Answers to common questions about the watercolors
You can see a catalog of recent work here. Paintings shown without red dots are currently available.
Why do these paintings look so different from other watercolors one sees?
The short answer is that I use smooth paper and staining pigments. To learn more, consider this zoomed-in view of one my larger watercolor paintings (showing a 5x7-inch region)...
Buzz (detail view), 2013, watercolor on Arches hot press paper... Here you can see how smooth this paper really is.
Note that the white color you see in the above image is just the unpainted paper showing through, and, as you can see, it is completely smooth. Most watercolor artists use textured paper and sedimentary colors, both of which create a characteristic granulation pattern -- this is a classic watercolor effect. But my preference is to use hot-press watercolor paper, which has a very smooth surface, and staining colors, the fine-grained pigments of which tend not to produce any noticeable textures, as you can see above. Staining pigments also help create much sharper contrasts than you normally see in watercolor paintings. The one sedimentary color I use is a black pigment (iron oxide) -- this is also relatively uncommon. Because of these differences, people are often surprised when seeing my work for the first time to learn that they are in fact watercolors.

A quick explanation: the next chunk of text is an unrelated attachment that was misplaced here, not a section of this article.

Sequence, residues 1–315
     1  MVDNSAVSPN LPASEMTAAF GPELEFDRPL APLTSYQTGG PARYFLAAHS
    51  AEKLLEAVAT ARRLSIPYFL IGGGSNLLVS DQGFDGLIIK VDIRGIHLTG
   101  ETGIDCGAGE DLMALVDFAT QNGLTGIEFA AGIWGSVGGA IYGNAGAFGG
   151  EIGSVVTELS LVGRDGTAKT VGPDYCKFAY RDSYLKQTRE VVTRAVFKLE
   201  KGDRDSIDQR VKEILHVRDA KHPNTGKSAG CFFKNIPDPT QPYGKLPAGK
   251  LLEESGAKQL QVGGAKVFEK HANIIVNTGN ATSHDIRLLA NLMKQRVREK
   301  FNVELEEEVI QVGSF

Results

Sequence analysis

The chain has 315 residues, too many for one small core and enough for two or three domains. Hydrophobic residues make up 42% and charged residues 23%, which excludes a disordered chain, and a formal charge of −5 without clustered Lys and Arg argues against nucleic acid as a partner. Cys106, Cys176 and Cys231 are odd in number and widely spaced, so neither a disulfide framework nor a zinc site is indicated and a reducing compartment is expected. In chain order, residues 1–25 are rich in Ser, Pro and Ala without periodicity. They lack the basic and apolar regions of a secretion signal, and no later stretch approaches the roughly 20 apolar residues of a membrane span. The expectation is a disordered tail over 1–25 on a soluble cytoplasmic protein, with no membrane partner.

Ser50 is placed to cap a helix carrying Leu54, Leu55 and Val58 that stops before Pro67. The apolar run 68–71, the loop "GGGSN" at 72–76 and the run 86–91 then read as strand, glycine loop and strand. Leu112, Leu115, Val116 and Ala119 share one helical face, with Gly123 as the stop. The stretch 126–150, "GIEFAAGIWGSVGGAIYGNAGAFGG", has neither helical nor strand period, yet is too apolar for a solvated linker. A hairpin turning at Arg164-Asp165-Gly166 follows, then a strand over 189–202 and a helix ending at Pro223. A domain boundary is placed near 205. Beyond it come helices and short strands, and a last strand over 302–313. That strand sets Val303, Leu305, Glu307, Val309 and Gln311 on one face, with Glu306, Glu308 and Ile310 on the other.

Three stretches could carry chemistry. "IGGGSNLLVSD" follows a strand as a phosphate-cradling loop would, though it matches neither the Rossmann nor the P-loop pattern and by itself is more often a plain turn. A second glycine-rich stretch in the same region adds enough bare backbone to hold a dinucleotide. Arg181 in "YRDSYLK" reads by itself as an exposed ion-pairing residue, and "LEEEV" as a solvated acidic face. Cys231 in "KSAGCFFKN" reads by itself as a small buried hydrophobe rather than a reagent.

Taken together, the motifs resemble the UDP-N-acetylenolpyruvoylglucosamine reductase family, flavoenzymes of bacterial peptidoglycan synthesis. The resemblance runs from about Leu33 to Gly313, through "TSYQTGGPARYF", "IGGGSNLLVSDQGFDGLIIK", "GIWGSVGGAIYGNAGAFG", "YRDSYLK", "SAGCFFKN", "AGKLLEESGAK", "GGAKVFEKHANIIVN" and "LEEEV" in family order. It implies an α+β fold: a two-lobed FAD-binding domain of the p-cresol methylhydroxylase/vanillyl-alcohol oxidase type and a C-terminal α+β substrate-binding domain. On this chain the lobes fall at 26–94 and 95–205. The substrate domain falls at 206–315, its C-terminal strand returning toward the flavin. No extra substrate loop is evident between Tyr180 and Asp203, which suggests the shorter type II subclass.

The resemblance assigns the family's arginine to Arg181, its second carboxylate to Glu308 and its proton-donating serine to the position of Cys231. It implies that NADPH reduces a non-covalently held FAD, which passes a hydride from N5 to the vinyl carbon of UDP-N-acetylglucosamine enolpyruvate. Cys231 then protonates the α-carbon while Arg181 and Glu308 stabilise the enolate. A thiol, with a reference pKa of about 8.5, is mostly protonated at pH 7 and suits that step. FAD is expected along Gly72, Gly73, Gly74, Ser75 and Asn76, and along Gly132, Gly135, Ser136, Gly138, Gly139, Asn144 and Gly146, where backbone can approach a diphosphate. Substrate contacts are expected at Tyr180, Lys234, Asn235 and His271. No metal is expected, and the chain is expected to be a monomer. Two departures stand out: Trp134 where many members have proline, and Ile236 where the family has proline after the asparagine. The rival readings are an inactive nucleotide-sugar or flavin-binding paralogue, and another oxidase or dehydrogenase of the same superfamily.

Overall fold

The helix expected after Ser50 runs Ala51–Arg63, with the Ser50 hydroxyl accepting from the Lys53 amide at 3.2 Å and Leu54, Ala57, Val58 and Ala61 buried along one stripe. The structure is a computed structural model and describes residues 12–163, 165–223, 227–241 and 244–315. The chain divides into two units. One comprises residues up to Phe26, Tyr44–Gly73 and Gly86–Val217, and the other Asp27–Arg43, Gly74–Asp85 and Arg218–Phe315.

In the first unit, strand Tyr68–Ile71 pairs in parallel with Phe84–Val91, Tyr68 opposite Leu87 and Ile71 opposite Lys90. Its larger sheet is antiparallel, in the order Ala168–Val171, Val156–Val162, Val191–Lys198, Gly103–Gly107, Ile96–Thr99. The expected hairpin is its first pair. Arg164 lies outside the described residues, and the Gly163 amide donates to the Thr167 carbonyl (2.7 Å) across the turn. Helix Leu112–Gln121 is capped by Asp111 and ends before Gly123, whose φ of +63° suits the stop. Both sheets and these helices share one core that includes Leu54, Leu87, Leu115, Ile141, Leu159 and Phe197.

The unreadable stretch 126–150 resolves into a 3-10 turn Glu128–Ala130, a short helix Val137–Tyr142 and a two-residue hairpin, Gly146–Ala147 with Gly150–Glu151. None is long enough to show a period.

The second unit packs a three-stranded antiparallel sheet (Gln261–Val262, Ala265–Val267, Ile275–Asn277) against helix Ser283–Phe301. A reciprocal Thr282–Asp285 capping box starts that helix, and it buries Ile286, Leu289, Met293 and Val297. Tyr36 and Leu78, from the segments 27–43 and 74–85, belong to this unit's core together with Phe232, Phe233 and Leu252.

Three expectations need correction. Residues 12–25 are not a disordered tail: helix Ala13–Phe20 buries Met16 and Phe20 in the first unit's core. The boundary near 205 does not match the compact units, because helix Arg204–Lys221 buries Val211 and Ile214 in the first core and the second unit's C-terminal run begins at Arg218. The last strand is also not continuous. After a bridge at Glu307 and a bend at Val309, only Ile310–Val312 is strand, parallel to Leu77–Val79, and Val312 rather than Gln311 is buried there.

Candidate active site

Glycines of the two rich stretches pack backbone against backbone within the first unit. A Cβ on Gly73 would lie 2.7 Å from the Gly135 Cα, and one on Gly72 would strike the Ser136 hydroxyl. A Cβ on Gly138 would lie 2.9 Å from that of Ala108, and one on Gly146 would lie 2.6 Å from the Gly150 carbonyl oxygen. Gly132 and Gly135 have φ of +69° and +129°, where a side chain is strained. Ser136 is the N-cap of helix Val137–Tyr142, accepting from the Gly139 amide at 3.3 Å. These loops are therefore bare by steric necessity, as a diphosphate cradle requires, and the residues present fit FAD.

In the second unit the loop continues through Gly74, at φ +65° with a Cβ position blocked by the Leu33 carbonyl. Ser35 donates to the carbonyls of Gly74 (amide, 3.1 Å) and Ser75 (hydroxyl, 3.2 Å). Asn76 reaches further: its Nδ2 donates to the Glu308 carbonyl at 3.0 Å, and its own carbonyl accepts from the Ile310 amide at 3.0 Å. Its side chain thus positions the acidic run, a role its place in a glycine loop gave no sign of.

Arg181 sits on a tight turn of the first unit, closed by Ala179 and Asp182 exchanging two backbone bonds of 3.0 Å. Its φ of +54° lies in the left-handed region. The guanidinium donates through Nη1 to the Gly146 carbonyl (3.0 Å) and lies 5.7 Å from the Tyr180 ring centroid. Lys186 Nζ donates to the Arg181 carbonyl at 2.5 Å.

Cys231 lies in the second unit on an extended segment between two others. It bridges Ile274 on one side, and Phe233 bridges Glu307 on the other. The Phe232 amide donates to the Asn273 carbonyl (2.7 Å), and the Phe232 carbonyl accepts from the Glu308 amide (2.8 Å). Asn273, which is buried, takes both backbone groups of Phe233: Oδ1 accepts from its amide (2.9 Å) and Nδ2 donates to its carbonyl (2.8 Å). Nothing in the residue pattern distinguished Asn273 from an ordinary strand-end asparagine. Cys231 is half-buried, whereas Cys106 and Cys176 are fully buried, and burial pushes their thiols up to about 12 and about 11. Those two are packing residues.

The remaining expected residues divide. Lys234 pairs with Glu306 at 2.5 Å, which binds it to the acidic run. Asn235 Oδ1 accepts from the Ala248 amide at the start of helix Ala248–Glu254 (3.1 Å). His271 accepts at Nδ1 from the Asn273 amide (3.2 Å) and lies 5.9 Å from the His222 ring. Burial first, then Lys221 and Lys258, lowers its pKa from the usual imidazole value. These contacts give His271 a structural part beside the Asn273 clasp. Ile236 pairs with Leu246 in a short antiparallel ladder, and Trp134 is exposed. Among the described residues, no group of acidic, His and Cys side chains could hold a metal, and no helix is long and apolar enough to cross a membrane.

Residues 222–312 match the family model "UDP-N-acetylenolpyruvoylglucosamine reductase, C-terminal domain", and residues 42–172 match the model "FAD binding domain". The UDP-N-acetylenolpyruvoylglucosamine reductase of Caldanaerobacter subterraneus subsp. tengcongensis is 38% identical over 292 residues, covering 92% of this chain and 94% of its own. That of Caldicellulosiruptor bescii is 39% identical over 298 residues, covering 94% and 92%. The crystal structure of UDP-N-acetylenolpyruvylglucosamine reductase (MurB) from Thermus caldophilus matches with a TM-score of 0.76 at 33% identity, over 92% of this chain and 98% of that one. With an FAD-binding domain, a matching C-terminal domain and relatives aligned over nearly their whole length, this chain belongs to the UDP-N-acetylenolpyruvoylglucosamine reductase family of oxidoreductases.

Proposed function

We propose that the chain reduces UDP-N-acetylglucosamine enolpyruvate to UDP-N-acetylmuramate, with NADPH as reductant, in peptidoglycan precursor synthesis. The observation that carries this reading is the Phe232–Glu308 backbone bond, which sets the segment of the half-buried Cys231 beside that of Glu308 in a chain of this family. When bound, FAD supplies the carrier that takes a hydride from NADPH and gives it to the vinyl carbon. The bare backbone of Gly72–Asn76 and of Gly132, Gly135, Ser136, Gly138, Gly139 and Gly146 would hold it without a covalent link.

How can I get updates about your newest work?
The very best way to hear about new work these days is simply to follow me on Instagram. There you can see works in progress and other previews. Or, if you prefer a more old-fashioned approach, you can click the "Like" button on my Facebook page (which is here).
Why are the edges of your paintings so sharp and crisp?
The borders of each painting are masked with drafting tape at the beginning of the process. This produces a sharp edge when the tape is removed, although occasionally there is a slight seepage, which adds a little extra handmade character.
Nesting on the drawing board. Despite the overpainted edges, the drafting tape along the edges will ensure a crisp border when it is removed.
Don't watercolor paintings inevitably fade over time?
Not these days. It's true that watercolor paints in previous centuries were often made from vegetable dyes and other natural materials that were prone to fading when exposed to strong light. Some artist still use these "old master" colors out of respect for tradition. But I use only the most permanent modern pigments such as phthalocyanines, quinacridones, and benzimidazolone. These have the very best light-fastness ratings and should last for many centuries. My watercolors are at least as archival as oil paintings. You should still keep them out of direct sunlight, which can damage any artwork.
How should I care for an original watercolor painting?
My paintings can be enjoyed by many generations if you observe a few simple precautions. Keep them framed under glass, and hang them (and any other artworks) away from direct sunlight, moisture, and smoke or other atmospheric pollutants. Severe fluctuations in temperature and humidity can also be detrimental to any artwork. Select your hanging location with care to ensure the longevity of your collection.
Do you paint from photos?